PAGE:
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  #21  
Old 08-04-2008, 04:50 PM
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As a recent graduate to the AWSA Assistant Driver rating, here's what they teach for slalom driving. When the skier falls, keep going straight down the course and bring the throttle back to the neutral position. Once the bow of the boat completely settles down into the water, then begin your turn back to the skier using idle throttle only. You can either idle back to the skier, or if you want to get back quicker, you start to accelerate with the bow of the boat angled away from the slalom course to avoid pushing bow rollers down the course. I drive the same way in open water too. Nobody wants to ski in rollers, even if you're not in the course. Also, if a skier takes a hard fall and is face-down in the water, don't execute a big power turn and "race" back to the skier. They won't die lying in the water for 30 seconds. You could risk further injury to a skier with a neck or back injury by trying to rush back over to them and creating big bow rollers.
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  #22  
Old 08-04-2008, 05:03 PM
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Quote:
Originally Posted by chudson View Post
Ditto!!!
I'm the first one who said it


I could see a powerturn here and there if you're getting bored or tired from the person falling all the time.


Sometimes I do a faster idle back to the skier just to speed things up, maybe 1100 rpms.

I'd like to take some pictures of how you can turn right as the skier falls and idle through the waves with out any coming in....
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  #23  
Old 08-04-2008, 05:29 PM
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I prefer that my driver take their time getting back to me because its gives me a little chance to rest.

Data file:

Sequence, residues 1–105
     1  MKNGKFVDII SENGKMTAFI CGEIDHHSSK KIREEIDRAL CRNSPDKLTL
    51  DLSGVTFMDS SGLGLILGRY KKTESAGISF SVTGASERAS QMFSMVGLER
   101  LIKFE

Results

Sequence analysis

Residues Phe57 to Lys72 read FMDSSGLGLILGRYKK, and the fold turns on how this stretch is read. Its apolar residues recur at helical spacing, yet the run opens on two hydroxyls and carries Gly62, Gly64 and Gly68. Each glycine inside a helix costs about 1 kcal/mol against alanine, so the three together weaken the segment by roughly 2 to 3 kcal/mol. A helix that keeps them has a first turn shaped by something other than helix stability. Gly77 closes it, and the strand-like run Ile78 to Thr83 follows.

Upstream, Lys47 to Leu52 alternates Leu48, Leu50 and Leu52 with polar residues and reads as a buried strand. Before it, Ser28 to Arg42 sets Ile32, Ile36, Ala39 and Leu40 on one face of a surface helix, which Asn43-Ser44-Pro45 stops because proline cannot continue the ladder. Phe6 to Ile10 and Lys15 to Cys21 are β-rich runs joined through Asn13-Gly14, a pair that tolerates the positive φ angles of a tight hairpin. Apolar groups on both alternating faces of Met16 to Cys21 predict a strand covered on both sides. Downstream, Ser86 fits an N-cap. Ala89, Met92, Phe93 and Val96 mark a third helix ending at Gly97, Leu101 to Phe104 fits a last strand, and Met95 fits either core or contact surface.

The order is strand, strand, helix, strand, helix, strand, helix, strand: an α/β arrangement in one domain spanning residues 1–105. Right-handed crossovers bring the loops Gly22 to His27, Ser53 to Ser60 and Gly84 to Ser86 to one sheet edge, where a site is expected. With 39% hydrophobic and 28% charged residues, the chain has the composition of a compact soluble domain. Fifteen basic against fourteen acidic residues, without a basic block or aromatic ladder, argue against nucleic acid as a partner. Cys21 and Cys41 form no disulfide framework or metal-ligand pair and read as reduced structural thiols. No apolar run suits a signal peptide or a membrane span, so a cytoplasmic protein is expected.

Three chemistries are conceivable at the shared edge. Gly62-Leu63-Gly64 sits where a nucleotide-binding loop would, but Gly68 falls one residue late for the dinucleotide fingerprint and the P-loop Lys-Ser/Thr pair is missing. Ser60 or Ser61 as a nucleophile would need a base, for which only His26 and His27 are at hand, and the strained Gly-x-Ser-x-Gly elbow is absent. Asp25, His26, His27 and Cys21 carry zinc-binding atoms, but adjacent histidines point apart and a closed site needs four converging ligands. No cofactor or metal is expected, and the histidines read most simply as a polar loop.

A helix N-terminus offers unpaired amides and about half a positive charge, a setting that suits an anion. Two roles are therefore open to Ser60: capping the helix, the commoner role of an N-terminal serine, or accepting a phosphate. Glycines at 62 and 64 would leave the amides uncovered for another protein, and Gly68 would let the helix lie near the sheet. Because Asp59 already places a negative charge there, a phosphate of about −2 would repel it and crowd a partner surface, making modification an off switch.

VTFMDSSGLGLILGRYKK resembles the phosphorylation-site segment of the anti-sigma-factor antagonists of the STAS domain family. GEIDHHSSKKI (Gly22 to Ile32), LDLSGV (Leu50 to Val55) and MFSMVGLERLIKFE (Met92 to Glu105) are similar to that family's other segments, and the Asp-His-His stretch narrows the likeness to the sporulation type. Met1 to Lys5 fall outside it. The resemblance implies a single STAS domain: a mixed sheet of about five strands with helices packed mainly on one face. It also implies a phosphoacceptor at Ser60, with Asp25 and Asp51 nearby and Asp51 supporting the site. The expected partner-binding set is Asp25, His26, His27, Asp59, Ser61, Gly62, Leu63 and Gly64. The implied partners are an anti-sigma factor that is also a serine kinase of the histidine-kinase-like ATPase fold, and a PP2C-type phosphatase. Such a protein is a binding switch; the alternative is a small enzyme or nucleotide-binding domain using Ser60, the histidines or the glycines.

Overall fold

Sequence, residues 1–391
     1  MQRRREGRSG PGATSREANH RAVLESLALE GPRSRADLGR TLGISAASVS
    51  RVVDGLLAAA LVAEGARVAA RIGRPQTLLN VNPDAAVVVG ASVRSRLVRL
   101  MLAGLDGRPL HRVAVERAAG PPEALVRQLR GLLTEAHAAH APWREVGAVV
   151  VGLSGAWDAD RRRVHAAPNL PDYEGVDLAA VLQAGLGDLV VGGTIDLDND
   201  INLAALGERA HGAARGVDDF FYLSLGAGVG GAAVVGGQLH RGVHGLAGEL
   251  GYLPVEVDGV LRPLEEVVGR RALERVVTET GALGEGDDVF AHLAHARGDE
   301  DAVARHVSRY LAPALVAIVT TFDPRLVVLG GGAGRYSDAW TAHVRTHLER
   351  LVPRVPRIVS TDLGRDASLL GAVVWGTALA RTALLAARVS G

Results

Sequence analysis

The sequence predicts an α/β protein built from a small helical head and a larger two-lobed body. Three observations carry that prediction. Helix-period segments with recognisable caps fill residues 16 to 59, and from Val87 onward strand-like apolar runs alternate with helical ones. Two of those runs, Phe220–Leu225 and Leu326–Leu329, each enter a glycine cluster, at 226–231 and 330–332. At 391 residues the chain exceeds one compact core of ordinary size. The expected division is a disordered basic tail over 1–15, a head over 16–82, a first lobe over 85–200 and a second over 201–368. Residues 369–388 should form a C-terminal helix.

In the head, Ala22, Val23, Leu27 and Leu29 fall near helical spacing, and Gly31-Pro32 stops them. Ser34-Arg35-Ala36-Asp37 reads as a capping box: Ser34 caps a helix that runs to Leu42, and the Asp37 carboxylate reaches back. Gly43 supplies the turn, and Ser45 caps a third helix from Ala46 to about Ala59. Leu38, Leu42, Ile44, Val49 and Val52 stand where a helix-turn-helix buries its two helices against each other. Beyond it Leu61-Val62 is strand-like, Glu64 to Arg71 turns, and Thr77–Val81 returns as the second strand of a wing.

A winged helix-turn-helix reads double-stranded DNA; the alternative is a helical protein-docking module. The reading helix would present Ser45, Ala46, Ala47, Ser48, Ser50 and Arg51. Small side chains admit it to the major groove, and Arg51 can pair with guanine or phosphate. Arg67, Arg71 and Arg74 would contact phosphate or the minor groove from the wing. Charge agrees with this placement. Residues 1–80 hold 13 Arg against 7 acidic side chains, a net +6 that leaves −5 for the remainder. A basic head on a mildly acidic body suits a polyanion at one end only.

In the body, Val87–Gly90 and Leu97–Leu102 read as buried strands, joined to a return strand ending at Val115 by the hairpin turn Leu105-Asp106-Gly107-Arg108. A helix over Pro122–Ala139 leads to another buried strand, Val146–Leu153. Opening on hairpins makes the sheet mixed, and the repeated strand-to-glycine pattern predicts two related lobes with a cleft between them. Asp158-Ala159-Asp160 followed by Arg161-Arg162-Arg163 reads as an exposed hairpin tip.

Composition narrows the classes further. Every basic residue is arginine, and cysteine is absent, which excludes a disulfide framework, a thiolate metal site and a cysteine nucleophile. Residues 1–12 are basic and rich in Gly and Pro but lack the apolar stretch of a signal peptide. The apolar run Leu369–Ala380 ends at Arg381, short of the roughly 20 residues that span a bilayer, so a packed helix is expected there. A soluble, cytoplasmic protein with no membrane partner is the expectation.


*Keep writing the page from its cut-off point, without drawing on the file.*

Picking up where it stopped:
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  #24  
Old 08-04-2008, 06:01 PM
kgrove kgrove is offline
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I tend to do a quicker return to the rider than recommended simply because I usually am on crowded lakes and like to keep my rider nearby. If it comes to a choice of protecting my rider or sending waves across the lake, I guess a few skiers are going to be getting a good bounce or two. If I know there are no other boats or PWCs around, I take my time and putter back to them at idle, but damn if it doesn't seem like half the time I'm sprinting back to cover up my rider.
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  #25  
Old 08-04-2008, 06:15 PM
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Quote:
Originally Posted by kgrove View Post
I tend to do a quicker return to the rider than recommended simply because I usually am on crowded lakes and like to keep my rider nearby. If it comes to a choice of protecting my rider or sending waves across the lake, I guess a few skiers are going to be getting a good bounce or two. If I know there are no other boats or PWCs around, I take my time and putter back to them at idle, but damn if it doesn't seem like half the time I'm sprinting back to cover up my rider.

I do the same when the lake is busy and the Wally's are out.
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  #26  
Old 08-04-2008, 06:47 PM
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Just my $ 0.02 I am a slow to idle then make the turn around at idle speed, if needed I can always accelerate back to the skier in a straight line .... I think you can minimize the distance between the boat and skier by staying attentive and ready to throttle back once they are down.

Sometimes extra distance is created by a slow reaction by the observer/driver team
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  #27  
Old 08-04-2008, 07:33 PM
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Agreed. The trick is the same crowded conditions that create the need to get back to your rider quickly are the same conditions that push the driver's attention to places other than the rider. When I have to sprint back to cover my rider, I always give my oberver(s) a quick comment about doing a better job letting me know the rider is down. Sometimes (frequently) they get busy talking while I am paying attention to the traffic around us. We're saying the same thing, but I'm just raising the point as a reminder because I know some drivers look down on other drivers when they see them creating wakes on pickup when sometimes there is a good excuse (or maybe more appropriately, the fault for the wake is not the driver's, but a different driver or an observer not doing their job).
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